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Friday, June 18, 2010

A Budding Art Researcher's Experience with Unsigned Portrait Paintings

My grandfather was an avid collector of fine art and antiques. As he grew older and older, and his hospital bills became larger and larger my grandmother wanted to begin selling his fine art and antiques to help pay for these growing expenses. As I combed through my grandfather's art and antique collection I noticed his large collection of portraits. Upon further inspection I noticed that most of these portraits had no signatures which hindered my research process on these paintings. From my art history background I suspected that stylistically most of these works were European, but some looked to be American. I noticed that unsigned portraits had an incredible range in prices and found that many great portrait artists didn't sign their works. Since I was entrusted to sell this art collection I had an incredible project to try and get appropriate value for these paintings.

I began by taking photographs of all the portraits and began taking them around town to various auction houses. They flipped through the photographs very quickly and put values to each photo. It didn't take more than 10 minutes to put values on over 60 portraits at one of these auction houses. When I asked them to tell me more about them I would get responses like, "They look European, well...there are a few American pieces here...ummm, yeah we'll take em and sell them for you." When I would press them for more information they would only give me very general responses like, "this one is nice." The values all seemed to be very similar to one another and I found it hard to believe that all these portraits were that similar in quality.

I realized that the auction houses in the area didn't have the proper expertise I was looking for so I decided that it was time to consult with an art expert. I brought a handful of the more unique portraits to an art appraisal expert for a consultation. I was immeadiatley impressed with the professionalism and the wealth of information I recieved. I realized that since this person didn't have an interest in making a sale they were more straight forward with me and truthful. One of the portraits that I showed him immeadiatley caught his attention. The portrait was of a young girl holding an orange. The figure looked pasted on the canvas and was very flat and two dimensional. The clothes on the child weren't form fitting and were painted in a very naive manner. The clothes looked cut out separatley and pasted onto the figure. The colors were very bold and modern and would explode out of the canvas from their sharp contrast to the dark background. The figure appeared to look like a doll, with no real human emotion and a pasty white skin tone. The expert told me that he would have to do more research on this piece and would call me when gathered more information.

After waiting about 4 days the expert called about this portrait. I learned that it was a portrait by the American portrait artist Ammi Phillips. Phillips was a self taught American Limner artist who rarely signed his portraits and was only discovered about forty years ago. Phillips painted affluent families in and around New England. Phillips works are in prominent collections and museums throughout the country. Since Ammi Phillips is a relatively newly discovered artist, his works are still popping up all over the place. The colors and style of Ammi Phillips paintings are what distinguishes his works from other folk artists. He used color as a language to "invent and investigate the depths offered by the deceptive flat plane of the canvas." (Hollander)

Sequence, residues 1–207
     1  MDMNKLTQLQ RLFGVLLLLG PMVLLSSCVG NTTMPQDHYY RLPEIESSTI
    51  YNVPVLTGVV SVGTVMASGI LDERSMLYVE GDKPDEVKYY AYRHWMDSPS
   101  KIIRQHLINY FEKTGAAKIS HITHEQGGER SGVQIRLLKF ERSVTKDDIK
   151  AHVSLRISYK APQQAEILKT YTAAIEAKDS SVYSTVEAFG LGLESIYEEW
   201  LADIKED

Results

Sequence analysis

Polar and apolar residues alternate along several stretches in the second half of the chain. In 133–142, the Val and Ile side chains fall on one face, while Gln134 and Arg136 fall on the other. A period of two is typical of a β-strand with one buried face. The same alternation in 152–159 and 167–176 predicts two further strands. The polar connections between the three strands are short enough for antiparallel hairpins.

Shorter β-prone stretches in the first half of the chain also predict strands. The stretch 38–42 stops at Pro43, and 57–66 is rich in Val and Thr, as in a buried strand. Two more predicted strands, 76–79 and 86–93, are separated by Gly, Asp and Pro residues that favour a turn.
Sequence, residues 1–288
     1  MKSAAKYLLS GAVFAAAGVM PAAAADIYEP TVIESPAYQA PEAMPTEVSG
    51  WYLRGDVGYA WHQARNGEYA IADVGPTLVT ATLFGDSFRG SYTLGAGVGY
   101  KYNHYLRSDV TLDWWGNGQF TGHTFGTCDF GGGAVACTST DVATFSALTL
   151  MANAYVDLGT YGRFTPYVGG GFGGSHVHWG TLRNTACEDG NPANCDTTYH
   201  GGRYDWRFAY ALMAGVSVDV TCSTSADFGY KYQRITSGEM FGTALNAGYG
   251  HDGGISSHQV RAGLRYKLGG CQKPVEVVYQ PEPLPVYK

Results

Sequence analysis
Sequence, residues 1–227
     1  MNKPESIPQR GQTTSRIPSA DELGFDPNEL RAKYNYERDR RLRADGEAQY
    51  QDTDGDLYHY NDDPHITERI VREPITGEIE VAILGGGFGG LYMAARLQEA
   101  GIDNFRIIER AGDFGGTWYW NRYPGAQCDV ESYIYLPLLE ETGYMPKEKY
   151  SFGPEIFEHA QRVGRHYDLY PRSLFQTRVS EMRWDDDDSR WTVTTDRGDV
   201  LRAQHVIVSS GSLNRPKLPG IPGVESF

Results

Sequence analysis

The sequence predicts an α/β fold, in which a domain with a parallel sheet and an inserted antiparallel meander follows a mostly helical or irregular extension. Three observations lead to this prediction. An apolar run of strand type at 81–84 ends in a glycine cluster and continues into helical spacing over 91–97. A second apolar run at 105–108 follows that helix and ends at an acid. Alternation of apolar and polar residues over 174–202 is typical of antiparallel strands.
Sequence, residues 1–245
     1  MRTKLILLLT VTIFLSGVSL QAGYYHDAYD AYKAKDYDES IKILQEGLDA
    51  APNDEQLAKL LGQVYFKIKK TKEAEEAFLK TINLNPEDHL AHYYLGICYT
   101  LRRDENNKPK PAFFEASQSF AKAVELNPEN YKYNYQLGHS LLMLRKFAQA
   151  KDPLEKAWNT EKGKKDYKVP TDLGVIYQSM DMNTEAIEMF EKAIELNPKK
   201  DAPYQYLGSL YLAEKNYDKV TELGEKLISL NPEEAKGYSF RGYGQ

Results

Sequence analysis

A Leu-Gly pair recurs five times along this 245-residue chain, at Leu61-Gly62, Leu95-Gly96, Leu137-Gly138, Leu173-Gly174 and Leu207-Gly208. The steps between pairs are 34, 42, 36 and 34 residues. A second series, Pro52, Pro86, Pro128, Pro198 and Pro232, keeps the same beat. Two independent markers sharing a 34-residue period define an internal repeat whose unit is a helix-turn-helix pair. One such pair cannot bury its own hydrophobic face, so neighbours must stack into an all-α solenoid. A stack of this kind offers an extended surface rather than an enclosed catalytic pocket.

The Ammi Phillips painting ended up being a very important painting and I was so relieved that I didn't just send it to the local auction house where it would have been called an "American Portrait Unsigned." The painting would have only acheived a fraction of its actual value and would have been never properly identified. The appraiser told me the appropriate market and value for the painting so this simple consultation ended up saving me from selling this extremely important piece without knowing what it was. Paintings have such a wide range of value that it is very important to have proper research done by qualified professionals.

Below are some examples of portrait paintings that we are continuously researching at MIR Appraisal Services, Inc.:

(19th Century Continental School)

[Frank Eastman, (British, 1878-1964), Mrs. Philip Berney Ficklin of Tasburg, England]

[Francois Kinson, (French, 1771-1839), Apolline Rose Benjamine,
Frotier de la Coste (1795-1873)]

Written and researched by Robert Snell

MIR Appraisal Services, Inc.
Principal Appraiser: Farhad Radfar, ISA AM
307 N. Michigan Avenue, Suite 308
Chicago, IL 60601
Phone: (312) 814-8510

Works cited
Stacy Hollander

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    Chicago, Illinois, United States
    Welcome to our blog site! MIR Appraisal Services, Inc. is a fine art and personal property appraisal company dedicated to serving clients throughout the United States and abroad since our incorporation in Chicago in 1994. We specialize in the multi-faceted field of appraising fine art, jewelry, antiques, and decorative items. We also provide professional fine art restoration and conservation treatment for various media, including but not limited to, artworks on canvas, board, masonite, and paper. We offer professional and precise appraisal services carried out by our team of accredited appraisers for the purposes of insurance coverage and claims, charitable donations, estate planning and probate, equitable distribution and fair-market value. We started our art commentary blog site as a venue for colleagues and fellow art enthusiasts to share their experiences within the art community.